“My message to anyone who is struggling after childbirth is simply not ashamed to seek help, don’t give up seeking help if it isn’t offered, make sure you find people who want to listen, because you can’t partner or family, you may need to turn further, “she said.
“I wish there was more open and free help offered when I went through this in the beginning, there wasn’t. It has improved tremendously over the years, and mental health is not now considered such a stigma. ‘
Credit support: Women involved in the card project
Left: Rebekah McDougall, from New Zealand, is a qualified advisor and the founder of Journey to Wellness, a mental health advocacy platform. She said she wanted to encourage people to be kinder to themselves. Right: Helene Weston, a Cornish illustrator, explained that she was a ‘tormented mother of one’ living with multiple sclerosis (MS)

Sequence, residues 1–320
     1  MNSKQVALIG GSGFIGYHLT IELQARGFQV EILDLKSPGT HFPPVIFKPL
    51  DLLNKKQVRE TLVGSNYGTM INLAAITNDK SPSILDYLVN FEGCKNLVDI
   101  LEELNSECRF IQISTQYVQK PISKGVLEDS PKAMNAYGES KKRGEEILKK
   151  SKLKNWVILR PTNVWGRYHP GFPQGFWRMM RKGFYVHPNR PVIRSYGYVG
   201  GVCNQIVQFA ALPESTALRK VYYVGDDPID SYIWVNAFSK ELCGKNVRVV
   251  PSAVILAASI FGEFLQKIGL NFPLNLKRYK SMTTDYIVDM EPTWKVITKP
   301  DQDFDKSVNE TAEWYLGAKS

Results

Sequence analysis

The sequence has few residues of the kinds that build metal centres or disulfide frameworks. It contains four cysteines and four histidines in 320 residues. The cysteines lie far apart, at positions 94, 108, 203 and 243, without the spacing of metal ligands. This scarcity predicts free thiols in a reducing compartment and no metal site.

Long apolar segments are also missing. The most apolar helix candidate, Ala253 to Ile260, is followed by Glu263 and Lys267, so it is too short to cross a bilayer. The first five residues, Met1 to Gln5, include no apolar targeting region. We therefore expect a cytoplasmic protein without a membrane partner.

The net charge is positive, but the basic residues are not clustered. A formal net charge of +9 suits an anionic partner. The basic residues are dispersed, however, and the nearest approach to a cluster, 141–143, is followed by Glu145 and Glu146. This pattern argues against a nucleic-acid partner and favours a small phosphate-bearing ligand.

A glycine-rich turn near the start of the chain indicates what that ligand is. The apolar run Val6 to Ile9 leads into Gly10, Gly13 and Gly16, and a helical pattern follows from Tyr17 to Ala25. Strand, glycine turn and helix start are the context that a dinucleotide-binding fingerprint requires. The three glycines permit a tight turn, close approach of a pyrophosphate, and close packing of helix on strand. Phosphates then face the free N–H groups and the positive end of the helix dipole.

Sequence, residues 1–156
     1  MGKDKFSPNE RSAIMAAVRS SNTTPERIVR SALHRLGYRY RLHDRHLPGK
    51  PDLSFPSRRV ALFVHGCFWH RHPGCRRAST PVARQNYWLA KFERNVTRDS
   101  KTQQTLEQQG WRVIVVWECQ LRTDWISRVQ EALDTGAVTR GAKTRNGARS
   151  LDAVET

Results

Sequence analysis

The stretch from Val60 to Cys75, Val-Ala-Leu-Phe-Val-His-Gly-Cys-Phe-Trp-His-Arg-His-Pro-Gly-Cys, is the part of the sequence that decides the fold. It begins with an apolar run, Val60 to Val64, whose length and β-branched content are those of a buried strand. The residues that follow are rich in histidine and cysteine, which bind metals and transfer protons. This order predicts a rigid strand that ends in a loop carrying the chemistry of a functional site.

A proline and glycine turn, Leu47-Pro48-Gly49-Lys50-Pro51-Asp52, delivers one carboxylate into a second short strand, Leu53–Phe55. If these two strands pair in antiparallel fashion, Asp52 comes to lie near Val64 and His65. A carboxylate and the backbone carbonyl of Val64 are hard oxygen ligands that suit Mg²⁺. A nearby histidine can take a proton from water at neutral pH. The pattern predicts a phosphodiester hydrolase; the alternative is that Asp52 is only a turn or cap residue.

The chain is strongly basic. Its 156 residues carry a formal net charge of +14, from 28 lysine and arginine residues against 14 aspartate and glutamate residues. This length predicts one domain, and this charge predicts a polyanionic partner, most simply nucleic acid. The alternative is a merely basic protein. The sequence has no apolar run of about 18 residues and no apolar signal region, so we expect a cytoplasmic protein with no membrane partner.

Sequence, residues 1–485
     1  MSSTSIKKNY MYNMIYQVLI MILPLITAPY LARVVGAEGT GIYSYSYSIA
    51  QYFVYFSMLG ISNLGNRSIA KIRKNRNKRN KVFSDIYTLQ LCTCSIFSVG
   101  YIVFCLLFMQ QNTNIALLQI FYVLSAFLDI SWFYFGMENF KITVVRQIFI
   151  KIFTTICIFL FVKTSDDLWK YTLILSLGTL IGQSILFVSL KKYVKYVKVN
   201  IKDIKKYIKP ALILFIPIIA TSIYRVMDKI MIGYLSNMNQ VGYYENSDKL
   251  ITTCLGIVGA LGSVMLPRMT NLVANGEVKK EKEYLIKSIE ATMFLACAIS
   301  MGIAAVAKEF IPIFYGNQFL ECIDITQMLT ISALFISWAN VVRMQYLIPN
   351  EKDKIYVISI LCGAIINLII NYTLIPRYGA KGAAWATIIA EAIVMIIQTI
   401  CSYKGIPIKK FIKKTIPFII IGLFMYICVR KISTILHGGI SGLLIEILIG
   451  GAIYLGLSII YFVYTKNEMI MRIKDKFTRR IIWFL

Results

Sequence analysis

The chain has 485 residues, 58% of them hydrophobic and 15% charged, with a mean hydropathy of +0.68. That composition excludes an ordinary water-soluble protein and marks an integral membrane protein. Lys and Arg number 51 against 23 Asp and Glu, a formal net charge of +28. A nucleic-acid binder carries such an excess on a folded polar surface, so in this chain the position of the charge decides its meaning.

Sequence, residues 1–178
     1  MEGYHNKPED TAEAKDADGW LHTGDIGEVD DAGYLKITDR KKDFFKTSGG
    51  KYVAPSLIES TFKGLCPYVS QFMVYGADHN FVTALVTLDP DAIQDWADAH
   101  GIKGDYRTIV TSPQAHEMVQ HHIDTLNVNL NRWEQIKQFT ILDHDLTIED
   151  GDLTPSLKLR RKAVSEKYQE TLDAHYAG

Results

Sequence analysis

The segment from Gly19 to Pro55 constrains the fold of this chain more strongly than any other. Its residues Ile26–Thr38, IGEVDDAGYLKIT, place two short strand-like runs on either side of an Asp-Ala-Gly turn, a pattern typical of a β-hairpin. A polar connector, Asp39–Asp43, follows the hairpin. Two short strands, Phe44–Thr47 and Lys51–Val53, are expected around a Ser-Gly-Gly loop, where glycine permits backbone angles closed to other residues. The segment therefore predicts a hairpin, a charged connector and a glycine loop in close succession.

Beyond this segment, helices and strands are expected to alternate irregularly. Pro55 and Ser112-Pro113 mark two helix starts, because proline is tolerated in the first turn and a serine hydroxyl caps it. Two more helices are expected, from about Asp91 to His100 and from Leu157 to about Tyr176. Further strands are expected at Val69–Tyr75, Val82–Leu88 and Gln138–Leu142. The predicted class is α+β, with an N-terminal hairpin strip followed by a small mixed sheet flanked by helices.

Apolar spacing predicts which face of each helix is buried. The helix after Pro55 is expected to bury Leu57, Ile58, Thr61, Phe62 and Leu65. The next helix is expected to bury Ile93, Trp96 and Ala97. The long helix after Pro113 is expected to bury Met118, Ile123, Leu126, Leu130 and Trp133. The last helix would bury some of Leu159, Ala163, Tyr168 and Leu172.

Rebekah’s chart, entitled ‘That what you need’, aims to highlight the power of self-compassion by presenting pots of positive content that moms should look at when feeling overwhelmed
Helene explained that she hoped her illustrations would show moms and dads that they’re not alone. Her card, titled ‘on trend’, is a nod to the new normal during the coronavirus lock, featuring a mom walking with a face mask on her face, gloves and a toilet paper handbag
Heartfull by Catie Atkinson, who also participated in the project, showed with his simple sketch of a mother with two children that having children provided a lot of work, but that it required a lot of work from mothers